Jan. 17, 2003 — Over the past seven days, average prices at all trading centers ranged between $42.86 and $50.67 per megawatthour with an overall weekly average of $46.52 per megawatthour, the Energy Information Administration reported Thursday.
In the Western United States, spot electricity prices decreased for the past three trading days as warmer weather led to a decline in customer demand. At Mid-Columbia, a benchmark for the Northwest, prices fell to a seven-day low of $36.57 per megawatthour on January 15 from a seven-day high of $43 on January 10.
At California’s NP-15 and SP-15, prices decreased to seven-day lows of $41.65 and $42.40 per megawatthour on January 15 from seven-day highs of $47.16 and $47.92 per megawatthour on January 10, respectively. The region’s other trading centers including California-Oregon Border, Palo Verde, Mead/Marketplace and 4 Corners experienced similar price decreases. Western electricity markets will be closed on Monday for observance of the Martin Luther King Jr. holiday.
In the Midwest, electricity prices increased on January 14 and then decreased slightly on January 15 as the cold temperatures prolonged high customer demand. In addition, higher natural gas prices also raised electricity prices. At the Cinergy Trading Center, prices rose to $45.94 per megawatthour on January 14 from $43.60 per megawatthour on January 13 and then dropped a little to $45.49 per megawatthour on January 15.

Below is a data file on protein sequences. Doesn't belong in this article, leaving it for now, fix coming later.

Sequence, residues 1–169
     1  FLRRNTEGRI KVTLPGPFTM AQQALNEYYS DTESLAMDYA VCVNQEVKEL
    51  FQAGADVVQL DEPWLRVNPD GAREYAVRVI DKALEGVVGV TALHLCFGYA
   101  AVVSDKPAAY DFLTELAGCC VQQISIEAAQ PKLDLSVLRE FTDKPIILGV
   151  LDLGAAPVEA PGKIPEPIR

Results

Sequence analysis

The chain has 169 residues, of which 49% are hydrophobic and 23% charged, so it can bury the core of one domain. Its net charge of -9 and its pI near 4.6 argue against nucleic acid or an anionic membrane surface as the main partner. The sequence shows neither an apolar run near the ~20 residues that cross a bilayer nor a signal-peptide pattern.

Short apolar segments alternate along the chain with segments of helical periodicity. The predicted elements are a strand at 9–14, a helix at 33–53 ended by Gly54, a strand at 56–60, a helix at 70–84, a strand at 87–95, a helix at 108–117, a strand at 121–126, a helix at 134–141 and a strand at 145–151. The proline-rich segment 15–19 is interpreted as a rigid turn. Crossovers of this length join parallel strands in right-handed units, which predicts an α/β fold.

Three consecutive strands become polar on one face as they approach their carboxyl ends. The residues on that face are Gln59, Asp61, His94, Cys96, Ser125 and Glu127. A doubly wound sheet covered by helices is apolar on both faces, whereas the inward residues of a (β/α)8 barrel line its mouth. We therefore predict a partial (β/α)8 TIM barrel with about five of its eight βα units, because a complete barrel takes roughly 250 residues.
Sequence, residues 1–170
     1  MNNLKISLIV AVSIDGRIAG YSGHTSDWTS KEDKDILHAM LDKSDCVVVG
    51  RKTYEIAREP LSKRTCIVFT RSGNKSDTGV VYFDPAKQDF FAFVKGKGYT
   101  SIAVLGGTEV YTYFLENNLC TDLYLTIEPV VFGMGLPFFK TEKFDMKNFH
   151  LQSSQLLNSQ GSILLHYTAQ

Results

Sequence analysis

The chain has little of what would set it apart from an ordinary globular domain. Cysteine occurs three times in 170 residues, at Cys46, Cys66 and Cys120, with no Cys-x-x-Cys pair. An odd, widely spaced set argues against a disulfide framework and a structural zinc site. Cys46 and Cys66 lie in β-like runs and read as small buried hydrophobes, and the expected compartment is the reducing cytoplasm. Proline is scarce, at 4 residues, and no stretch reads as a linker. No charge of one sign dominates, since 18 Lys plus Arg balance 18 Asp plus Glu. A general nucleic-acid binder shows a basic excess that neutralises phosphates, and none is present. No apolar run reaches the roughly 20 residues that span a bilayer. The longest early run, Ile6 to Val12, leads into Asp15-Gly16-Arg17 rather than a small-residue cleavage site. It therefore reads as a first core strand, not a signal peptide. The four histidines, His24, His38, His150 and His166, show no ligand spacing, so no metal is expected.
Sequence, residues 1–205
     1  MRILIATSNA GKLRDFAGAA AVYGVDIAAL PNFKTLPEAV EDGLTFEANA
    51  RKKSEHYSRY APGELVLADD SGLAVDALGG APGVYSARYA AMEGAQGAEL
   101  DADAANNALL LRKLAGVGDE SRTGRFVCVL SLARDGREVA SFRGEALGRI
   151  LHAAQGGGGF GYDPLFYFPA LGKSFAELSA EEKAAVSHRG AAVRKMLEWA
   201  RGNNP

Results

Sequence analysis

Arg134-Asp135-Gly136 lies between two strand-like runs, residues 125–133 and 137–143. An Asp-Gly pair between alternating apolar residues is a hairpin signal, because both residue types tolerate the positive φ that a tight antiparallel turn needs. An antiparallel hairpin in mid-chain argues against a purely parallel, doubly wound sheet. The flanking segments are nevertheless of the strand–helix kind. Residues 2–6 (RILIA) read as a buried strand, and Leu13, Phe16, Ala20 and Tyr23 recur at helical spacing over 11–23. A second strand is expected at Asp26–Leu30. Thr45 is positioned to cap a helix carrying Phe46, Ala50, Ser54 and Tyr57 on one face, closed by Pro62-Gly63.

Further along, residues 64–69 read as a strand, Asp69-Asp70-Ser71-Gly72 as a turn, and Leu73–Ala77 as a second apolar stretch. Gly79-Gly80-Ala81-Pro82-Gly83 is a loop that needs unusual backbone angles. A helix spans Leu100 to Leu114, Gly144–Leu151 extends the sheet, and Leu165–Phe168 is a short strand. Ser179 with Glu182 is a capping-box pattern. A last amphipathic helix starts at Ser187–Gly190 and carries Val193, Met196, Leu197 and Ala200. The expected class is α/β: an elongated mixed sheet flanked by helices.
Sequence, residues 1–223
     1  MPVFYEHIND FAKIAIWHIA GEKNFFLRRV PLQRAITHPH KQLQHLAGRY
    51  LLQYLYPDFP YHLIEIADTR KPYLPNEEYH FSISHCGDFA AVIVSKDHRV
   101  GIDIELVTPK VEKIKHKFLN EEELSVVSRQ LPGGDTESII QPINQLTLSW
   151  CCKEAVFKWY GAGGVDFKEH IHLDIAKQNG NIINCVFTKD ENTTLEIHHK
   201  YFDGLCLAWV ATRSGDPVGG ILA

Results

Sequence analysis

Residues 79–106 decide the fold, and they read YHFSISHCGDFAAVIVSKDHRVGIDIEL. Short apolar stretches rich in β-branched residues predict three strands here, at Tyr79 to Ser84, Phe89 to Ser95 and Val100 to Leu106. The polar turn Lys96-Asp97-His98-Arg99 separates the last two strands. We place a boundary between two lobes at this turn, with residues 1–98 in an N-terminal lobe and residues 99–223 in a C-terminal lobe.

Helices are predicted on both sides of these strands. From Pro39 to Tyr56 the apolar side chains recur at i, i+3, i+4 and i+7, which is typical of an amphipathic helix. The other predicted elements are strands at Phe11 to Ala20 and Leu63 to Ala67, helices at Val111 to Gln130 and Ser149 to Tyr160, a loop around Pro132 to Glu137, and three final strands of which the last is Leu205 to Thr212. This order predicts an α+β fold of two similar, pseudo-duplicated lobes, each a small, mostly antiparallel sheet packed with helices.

Similarly in the Southeast, prices increased on January 14 because the cold weather increased customer demand. The region’s prices decreased on January 15 because generating supplies were adequate to meet the high customer demand. Prices within the SERC trading area went from $43.41 per megawatthour on January 13 to $43.62 on January 14 and then down to $43.31per megawatthour on January 15.
In the Northeast, prices were generally lower the last three trading days with exception of New England. At Nepool, cold temperatures escalated customer demand and fuel costs for natural gas power plants. Prices increased to a seven-day high of $74.38 per megawatthour on January 14 from $68 on January 13 and then decreased to $65.06 per megawatthour on January 15.
More nuclear generation came on-line to help curb electricity prices on January 15. Entergy’s Indian Point Unit 3 ran at full capacity along with many other plants in order to increase supplies.
After reaching a seven-day high of $92 per megawatthour on January 10, New York City’s prices dropped to $86.25 per megawatthour on January 15. At PJM West, prices decreased to $51.95 per megawatthour on January 15 from a seven-day high of $58.63 on January 10.